Heidi is well known. The rustic idyll of the Swiss Alps where Heidi comes at five years old to live with her rough but kind grandfather, to sleep in a hayloft listening to the wind in the pines, to eat bread and goats’ cheese, to herd the animals to pasture. After a year or so, her aunt comes and removes her to Frankfurt, the noisy, busy city, where you must have table manners, where you are not allowed to run out of the front door and climb a church tower. Heidi, homesick, grows thin and pale, and starts to sleepwalk, frightening everyone in the household. The adults relent and she taken back to the mountain. Home, not-home, home again. When Heidi comes home to the wind and the pines and the hayloft and the grandfather and the goats’ cheese we feel such a deep relief: those grand rooms of Frankfurt were killing her.
Kizzy Lovell in The Diddakoi is a gypsy child, who lives with her elderly Gran in a caravan parked in an orchard belonging to kindly retired Admiral Twiss, who gives Gran’s horse, Joe, free grazing.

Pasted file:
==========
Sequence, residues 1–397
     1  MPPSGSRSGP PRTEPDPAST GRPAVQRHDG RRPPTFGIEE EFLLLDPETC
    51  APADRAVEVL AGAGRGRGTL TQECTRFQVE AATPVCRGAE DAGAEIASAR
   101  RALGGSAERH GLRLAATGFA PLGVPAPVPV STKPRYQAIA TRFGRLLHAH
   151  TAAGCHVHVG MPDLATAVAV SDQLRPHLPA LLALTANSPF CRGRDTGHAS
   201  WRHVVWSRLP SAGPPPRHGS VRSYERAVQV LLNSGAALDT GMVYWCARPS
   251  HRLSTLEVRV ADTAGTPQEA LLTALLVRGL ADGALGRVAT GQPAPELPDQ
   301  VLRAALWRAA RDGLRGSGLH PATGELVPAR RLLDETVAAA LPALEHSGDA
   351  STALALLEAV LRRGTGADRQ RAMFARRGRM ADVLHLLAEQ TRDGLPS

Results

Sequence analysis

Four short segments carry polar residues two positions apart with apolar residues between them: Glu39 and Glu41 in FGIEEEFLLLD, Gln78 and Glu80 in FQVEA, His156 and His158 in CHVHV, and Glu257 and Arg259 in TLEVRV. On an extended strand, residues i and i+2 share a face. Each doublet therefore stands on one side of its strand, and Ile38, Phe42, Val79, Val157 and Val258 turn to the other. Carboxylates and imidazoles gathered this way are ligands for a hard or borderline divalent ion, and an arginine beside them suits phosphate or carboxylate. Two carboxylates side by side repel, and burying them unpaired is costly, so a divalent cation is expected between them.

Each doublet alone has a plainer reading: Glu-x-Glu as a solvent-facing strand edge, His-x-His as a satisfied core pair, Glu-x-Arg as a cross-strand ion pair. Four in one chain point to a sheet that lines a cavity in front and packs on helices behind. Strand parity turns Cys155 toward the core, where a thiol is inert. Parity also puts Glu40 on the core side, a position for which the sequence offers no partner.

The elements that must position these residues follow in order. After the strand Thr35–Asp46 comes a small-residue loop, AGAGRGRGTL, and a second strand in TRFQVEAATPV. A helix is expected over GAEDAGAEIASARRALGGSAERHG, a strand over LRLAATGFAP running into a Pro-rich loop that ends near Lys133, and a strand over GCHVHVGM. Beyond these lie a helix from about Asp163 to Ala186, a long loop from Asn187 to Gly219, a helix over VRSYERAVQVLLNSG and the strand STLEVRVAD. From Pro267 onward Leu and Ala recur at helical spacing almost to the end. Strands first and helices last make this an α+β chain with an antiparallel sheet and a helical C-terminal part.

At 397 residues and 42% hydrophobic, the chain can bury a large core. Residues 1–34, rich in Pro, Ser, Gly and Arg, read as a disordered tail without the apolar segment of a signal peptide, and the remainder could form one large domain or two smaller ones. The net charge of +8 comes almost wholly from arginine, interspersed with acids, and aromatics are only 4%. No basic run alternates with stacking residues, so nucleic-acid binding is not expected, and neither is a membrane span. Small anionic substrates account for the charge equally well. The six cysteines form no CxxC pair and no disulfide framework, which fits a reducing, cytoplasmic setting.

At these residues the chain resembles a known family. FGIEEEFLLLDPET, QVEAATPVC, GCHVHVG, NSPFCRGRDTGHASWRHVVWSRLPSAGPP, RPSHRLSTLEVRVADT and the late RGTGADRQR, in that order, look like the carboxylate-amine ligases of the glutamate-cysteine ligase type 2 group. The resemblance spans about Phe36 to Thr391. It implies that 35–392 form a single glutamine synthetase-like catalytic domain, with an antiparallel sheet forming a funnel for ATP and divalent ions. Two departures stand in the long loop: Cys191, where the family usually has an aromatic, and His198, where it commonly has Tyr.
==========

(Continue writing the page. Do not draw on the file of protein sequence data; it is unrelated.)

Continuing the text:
‘Gran kept the caravan while Kizzy was away and went stick-gathering for the fire they lit and kept protected by a shelter of two sheets of corrugated iron, with sacks to keep out the wind. No one could build a fire like Gran; she sat on a bench, a plank across two piles of bricks; Kizzy had a fish-box that had McPhail and Son, Aberdeen stenciled on its side, but it was sturdy, the right size for Kizzy, and when it grew warm from the heat of the fire it gave out a sweet resin smell. … The black kettle sang on its hook, Gran’s kittle-iron, and presently they would have a cup of strong tea, drinking it in the firelight, their backs protected with a sack and Joe tearing up grass, keeping as close to them as he could get.’
I knew just how it was, the horse, the caravan, the fire and the kettle, because of the picture of the family in my book of rhymes, Bangalorey Man by Peggy Blakeley:
Little lad, little lad
where were you born?
far off in Lancashire,
under a thorn,
where they sup buttermilk
with a ram’s horn.
And a pumpkin scooped
with a yellow rim
is the bonny bowl
they breakfast in.
Gran dies early in the story, and so Kizzy is thrown into the care of the villagers, particularly busybody ladies on committees. All she wants is to live by herself in a caravan, but she’s seven years old: even I knew she wouldn’t be allowed to get her way on that.
It was quite a romanticisation to understand myself as one of these wild, untamed, free-ranging children. By the time I was five, my parents had built a comfortable three-bedroom house…